How to benefit from the growing demand for holiday lets

Higher demand, coupled with concerns about post-Brexit support for agriculture, has made a farm diversification into letting cottages, barns, annexes and apartments more attractive.    

Farmer and holiday let owner David Brown and Savills leisure director Simon Foster provide tips and pointers on setting up a venture.   

Market trends  

The market is strong and getting stronger, says Derbyshire-based farmer David Brown, who runs a holiday let business on Hoe Grange, his beef and sheep farm in the Peak District.

Mr Brown, a FarmStay director, suggests Brexit and concerns over Covid-19 have driven the appeal of UK countryside lets where people can distance themselves from others.  

See also: So you want to… open a campsite?

However, he has also seen demand undergo a longer-term transition in recent years, from older couples on short breaks to younger families visiting for extended stays.

With the change there has also been a shift in demand towards higher quality lets.


Holiday let cottages

© Shraley Brook Media

In tourist hotspots, occupancy rates will be higher, however, the latest VisitBritain statistics suggest about 70% of successful holiday lets are outside prime locations.

For example, while beach holidays attract visitors in the summer, the season comes to an abrupt end when the temperatures drop. In addition, coastal places are often out on a limb and too far to be considered for long weekends or other short breaks.

Alternatively, a central area close to main routes where there is open countryside for walks might get more visits earlier or later in the season.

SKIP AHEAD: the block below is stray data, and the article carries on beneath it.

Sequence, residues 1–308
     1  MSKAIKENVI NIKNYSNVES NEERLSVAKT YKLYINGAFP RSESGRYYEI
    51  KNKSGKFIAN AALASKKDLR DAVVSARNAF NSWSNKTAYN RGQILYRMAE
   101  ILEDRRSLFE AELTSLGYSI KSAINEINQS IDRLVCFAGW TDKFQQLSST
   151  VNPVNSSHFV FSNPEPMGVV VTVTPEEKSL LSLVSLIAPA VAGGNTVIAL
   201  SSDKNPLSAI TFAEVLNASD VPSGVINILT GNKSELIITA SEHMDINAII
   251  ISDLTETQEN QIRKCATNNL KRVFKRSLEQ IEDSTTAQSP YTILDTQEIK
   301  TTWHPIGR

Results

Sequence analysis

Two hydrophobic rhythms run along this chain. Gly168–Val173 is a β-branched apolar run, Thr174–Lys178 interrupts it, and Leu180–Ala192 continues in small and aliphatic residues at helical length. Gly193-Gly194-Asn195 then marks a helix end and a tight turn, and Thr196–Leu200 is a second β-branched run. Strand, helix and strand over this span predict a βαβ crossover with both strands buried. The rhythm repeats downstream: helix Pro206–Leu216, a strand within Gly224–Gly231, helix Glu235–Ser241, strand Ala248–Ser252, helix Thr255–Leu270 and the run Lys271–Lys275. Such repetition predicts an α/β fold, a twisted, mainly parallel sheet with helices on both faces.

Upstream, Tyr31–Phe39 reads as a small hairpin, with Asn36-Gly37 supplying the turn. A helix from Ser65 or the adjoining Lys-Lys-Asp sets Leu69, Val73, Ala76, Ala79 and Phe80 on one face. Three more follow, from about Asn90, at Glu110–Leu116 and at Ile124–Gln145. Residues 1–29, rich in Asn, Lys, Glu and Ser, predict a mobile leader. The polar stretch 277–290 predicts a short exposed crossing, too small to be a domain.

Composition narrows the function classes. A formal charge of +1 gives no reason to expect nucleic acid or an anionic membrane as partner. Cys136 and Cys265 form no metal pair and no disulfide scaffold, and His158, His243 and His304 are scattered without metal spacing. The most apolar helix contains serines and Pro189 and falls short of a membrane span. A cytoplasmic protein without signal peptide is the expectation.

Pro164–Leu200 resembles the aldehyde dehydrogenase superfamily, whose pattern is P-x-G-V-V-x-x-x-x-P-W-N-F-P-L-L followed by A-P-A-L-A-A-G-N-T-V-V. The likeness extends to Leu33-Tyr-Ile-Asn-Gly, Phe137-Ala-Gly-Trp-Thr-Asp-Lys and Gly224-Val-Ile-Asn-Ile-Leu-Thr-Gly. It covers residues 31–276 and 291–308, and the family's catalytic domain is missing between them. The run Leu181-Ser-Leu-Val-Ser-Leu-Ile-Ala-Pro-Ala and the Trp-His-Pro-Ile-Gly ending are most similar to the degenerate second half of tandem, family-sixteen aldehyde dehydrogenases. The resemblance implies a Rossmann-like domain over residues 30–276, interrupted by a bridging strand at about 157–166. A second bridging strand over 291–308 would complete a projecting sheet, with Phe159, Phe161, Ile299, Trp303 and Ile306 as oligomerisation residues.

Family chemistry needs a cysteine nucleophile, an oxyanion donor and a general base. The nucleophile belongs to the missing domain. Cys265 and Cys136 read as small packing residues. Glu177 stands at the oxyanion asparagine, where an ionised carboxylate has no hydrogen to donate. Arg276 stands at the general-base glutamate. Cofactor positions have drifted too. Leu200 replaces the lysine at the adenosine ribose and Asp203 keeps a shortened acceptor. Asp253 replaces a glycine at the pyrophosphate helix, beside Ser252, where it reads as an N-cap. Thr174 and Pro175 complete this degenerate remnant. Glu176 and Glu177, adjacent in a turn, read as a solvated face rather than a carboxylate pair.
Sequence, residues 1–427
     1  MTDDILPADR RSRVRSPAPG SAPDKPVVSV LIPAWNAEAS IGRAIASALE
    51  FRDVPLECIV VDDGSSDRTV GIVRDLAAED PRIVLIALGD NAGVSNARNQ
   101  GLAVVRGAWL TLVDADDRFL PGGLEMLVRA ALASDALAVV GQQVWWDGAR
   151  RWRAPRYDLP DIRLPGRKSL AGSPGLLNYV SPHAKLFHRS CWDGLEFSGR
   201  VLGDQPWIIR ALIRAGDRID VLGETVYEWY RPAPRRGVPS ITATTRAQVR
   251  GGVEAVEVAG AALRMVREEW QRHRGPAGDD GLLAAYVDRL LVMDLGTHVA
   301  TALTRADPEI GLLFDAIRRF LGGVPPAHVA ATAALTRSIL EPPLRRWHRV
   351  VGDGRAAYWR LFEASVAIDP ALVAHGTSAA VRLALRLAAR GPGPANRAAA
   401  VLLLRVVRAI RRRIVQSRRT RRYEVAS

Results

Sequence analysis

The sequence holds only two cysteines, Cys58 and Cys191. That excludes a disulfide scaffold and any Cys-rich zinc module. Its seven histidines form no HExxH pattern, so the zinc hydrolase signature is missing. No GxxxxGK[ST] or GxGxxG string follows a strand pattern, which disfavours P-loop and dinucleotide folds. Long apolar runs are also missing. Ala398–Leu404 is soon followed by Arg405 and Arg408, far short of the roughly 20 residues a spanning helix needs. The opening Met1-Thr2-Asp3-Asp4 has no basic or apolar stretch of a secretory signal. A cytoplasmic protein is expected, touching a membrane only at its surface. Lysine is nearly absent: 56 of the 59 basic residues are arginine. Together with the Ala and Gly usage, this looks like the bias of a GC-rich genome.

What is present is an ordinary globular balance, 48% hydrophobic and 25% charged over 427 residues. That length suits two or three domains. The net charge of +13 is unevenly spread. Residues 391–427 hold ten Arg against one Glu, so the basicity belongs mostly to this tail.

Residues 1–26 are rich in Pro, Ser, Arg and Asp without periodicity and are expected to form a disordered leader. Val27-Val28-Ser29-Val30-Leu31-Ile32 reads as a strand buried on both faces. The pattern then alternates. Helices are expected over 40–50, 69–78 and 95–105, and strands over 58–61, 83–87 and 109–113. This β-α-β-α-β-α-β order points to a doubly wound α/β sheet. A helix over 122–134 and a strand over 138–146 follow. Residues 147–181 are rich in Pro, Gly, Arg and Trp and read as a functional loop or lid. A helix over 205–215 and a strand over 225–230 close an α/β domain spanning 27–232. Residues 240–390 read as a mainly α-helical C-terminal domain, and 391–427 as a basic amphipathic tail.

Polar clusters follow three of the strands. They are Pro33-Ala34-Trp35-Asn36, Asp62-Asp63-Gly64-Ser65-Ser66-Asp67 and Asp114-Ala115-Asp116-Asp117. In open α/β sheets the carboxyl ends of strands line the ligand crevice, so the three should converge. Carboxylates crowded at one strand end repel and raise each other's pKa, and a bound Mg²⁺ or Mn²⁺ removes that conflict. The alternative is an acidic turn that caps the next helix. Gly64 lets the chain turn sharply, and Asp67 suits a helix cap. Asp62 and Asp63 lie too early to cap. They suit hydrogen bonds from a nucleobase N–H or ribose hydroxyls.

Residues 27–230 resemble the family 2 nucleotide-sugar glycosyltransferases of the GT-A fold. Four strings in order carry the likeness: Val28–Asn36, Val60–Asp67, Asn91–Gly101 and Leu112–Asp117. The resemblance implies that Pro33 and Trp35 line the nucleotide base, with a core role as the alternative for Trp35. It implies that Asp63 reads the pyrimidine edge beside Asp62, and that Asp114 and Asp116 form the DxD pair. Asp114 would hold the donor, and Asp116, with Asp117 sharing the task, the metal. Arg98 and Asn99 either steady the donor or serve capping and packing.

The first thing to consider is what level of consent the proposed venture will require. With an existing cottage it is usually covered under the “change of use” category.   

A new-build or significant alterations that affect the scale, appearance or character of a property will need full planning permission.    

Obtaining permission for converting existing buildings is usually straightforward. Planning is also more likely to be simple compared with siting new buildings on a greenfield site.   

If building from scratch, the first consideration is the site. Planners often prefer a discreet location for new buildings, yet potential guests will want an open site with a view.  

Whichever is chosen, approach the local planning officer early, before spending on expensive plans and surveys.  Once the plans are given the initial go-ahead, permission for routing power, water and sewerage systems should be investigated.  

Quotes can be high, with a simple 5m long connection for electricity costing about £12,000, Mr Brown says.  

Property type

Demand has diverged and is strong for one- or two-bedroom properties for couples on short breaks, but the growth has been in very large houses offering group accommodation with 10-12 berths.

“We have several cabin-style buildings which are quick to construct. But from the moment they are built it is a depreciating asset. In contrast, a converted barn or holiday cottage appreciates and could provide a growing pension pot,” Mr Brown suggests.  

holiday cottage interior

© Shraley Brook Media